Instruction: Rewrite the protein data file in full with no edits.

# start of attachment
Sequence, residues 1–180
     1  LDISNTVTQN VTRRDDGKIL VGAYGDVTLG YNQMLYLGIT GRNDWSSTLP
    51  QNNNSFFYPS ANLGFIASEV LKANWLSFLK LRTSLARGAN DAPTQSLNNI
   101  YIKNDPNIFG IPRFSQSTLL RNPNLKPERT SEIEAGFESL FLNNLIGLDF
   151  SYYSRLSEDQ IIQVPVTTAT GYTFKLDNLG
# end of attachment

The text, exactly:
Sequence, residues 1–180
     1  LDISNTVTQN VTRRDDGKIL VGAYGDVTLG YNQMLYLGIT GRNDWSSTLP
    51  QNNNSFFYPS ANLGFIASEV LKANWLSFLK LRTSLARGAN DAPTQSLNNI
   101  YIKNDPNIFG IPRFSQSTLL RNPNLKPERT SEIEAGFESL FLNNLIGLDF
   151  SYYSRLSEDQ IIQVPVTTAT GYTFKLDNLG